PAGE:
Don’t want to stay up until midnight? Celebrate midnight at your own time with a mock midnight before you go to bed, or celebrate midnight in another country. This is perfect for kids that don’t want to stay up late.
21. Set alarm clocks
Gather as many alarm clocks as you can and set them to ring at midnight.
Written by Katy Savage
Our darkest days are behind us and the stars are aligning — literally.
On the longest night of the year, two of the slowest moving planets in our solar system— Jupiter and Saturn — aligned the closest they’ve been in 800 years. Not surprisingly, theories are ablaze about the Great Conjunction and what this could mean for mankind.
Astrologers say the Great Conjunction will cause a major ideological reset as two planets seemingly at odds unite. Jupiter is said to be the planet of optimism, expansion, and healing, while Saturn represents control, pragmatism, and responsibility.
The Great Conjunction is also taking place in Aquarius, the zodiac sign for social change and innovation. This is unique as for the previous 200 years, Jupiter and Saturn have conjoined only under Earth signs and the tensions between the two planets have been grounded in that sign. An Air sign could mean less tangible occurrences in the future. Could this mean more pandemics? More inventions?
While astrologers continue to study the signs and what this means for society, some say the planets are, in effect, the Star of Bethlehem, seen by the Wise Men 2,000 years ago.
It’s a coincidence that the planets will shine brightest this year on Christmas day. It’s a coincidence that the Covid-19 vaccine started being distributed just as the conjunction was taking place, and it’s a coincidence the conjunction started the same day as the winter solstice — a day that symbolizes reset in itself. Or is it?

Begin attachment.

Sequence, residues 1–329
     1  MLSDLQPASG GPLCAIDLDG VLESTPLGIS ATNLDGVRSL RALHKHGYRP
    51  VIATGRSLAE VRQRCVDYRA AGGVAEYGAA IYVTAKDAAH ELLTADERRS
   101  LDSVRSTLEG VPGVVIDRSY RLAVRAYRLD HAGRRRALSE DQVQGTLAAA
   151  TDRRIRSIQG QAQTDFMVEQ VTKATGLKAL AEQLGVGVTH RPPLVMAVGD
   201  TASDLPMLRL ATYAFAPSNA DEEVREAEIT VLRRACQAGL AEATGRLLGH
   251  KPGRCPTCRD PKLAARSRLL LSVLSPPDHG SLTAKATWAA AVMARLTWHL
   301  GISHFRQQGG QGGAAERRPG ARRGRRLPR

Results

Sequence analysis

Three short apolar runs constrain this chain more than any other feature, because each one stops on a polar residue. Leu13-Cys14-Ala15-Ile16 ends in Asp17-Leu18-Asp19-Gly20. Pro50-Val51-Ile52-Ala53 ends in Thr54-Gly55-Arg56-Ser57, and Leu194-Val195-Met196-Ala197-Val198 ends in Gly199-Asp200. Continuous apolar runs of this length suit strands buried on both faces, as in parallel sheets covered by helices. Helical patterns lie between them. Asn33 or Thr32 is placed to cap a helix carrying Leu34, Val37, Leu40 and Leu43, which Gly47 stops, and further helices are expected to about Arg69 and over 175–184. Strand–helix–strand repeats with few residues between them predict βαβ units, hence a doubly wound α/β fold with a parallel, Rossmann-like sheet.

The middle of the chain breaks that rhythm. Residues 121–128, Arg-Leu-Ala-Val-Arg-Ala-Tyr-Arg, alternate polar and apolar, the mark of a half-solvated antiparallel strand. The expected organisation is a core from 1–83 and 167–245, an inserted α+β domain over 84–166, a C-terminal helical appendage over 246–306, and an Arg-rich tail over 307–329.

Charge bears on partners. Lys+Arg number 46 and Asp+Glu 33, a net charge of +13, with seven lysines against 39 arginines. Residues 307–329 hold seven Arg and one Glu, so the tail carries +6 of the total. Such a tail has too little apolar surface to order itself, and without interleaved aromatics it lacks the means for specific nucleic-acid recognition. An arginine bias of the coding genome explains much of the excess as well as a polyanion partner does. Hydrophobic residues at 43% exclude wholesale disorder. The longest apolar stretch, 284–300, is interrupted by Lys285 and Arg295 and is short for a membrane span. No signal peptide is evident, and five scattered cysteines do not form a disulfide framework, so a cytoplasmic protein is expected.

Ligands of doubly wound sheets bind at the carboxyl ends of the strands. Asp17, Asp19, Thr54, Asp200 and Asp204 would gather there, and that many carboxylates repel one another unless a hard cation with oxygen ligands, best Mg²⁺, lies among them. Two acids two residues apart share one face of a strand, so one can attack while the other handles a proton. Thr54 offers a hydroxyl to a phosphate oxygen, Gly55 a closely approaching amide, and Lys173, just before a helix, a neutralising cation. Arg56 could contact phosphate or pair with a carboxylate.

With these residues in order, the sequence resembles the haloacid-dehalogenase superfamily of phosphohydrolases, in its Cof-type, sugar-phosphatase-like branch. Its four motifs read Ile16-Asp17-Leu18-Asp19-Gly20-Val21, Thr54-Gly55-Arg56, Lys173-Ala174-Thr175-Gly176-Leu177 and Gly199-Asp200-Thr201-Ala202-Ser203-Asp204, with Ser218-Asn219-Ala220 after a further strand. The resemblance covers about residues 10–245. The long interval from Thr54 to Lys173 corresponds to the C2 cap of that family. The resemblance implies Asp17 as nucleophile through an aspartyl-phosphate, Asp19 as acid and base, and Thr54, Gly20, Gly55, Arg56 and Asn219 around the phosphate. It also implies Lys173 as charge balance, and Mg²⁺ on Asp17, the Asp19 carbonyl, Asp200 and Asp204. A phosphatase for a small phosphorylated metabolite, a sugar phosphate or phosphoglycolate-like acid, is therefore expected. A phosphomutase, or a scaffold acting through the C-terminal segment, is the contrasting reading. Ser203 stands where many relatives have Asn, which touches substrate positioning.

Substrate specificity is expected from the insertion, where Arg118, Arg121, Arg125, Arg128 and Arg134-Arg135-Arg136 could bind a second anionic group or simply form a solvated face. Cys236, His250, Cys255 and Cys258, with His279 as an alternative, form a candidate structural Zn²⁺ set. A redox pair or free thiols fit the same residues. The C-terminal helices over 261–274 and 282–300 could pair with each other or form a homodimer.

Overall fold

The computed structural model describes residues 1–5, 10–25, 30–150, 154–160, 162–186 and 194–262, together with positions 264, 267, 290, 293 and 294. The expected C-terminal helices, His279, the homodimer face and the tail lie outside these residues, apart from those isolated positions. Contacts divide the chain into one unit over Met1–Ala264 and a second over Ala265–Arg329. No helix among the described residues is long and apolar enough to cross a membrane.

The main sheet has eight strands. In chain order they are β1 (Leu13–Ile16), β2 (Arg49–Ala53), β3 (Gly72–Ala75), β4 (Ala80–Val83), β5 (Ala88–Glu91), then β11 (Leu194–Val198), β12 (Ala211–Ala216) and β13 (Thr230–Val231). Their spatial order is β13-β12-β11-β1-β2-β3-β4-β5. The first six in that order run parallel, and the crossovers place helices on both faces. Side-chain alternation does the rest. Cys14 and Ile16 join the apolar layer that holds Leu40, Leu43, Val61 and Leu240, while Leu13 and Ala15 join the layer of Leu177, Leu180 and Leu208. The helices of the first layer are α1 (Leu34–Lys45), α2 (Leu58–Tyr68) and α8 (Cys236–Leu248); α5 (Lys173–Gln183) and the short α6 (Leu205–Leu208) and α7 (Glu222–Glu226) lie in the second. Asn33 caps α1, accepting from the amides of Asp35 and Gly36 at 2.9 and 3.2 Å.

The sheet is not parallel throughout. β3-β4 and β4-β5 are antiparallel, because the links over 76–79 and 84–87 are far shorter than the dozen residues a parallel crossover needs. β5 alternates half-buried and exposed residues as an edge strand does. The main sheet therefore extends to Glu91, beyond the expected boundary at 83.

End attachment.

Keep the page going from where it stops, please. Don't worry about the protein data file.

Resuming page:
What we know is that 2020 has given us a clear vision for all that is right in the world and all that is wrong. As the world combats the pandemic, we saw racial and social injustice tensions rise and gender inequality at the forefront of conversations. We witnessed unimaginable loss, we spent time in isolation and we elected a new president. It seems that the dawn of a new era is beckoning.
We look at this conjunction as a large cultural reset, but it’s also a time for inner reset. It’s a time to self-reflect on your values and give yourself to others. It’s a time to overlook issues that would otherwise divide you from others, and unite.
The two planets are most visible just after sunset. They will remain close until Jan. 7.
Written By Katy Savage
It’s hard to believe 2020 is almost behind us and the hustle and bustle of the holiday season is here.
With just about every department store selling all the Christmas gimmicks, sometimes the decor can feel overpowering. A neutral palette allows you to enjoy the holiday season without getting tired of it.